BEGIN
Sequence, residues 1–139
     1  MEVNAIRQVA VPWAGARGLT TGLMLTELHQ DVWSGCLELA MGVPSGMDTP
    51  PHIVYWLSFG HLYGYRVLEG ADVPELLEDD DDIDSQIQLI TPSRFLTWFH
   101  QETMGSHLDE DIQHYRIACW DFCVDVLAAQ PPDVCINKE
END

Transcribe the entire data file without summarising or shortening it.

Sequence, residues 1–139
     1  MEVNAIRQVA VPWAGARGLT TGLMLTELHQ DVWSGCLELA MGVPSGMDTP
    51  PHIVYWLSFG HLYGYRVLEG ADVPELLEDD DDIDSQIQLI TPSRFLTWFH
   101  QETMGSHLDE DIQHYRIACW DFCVDVLAAQ PPDVCINKE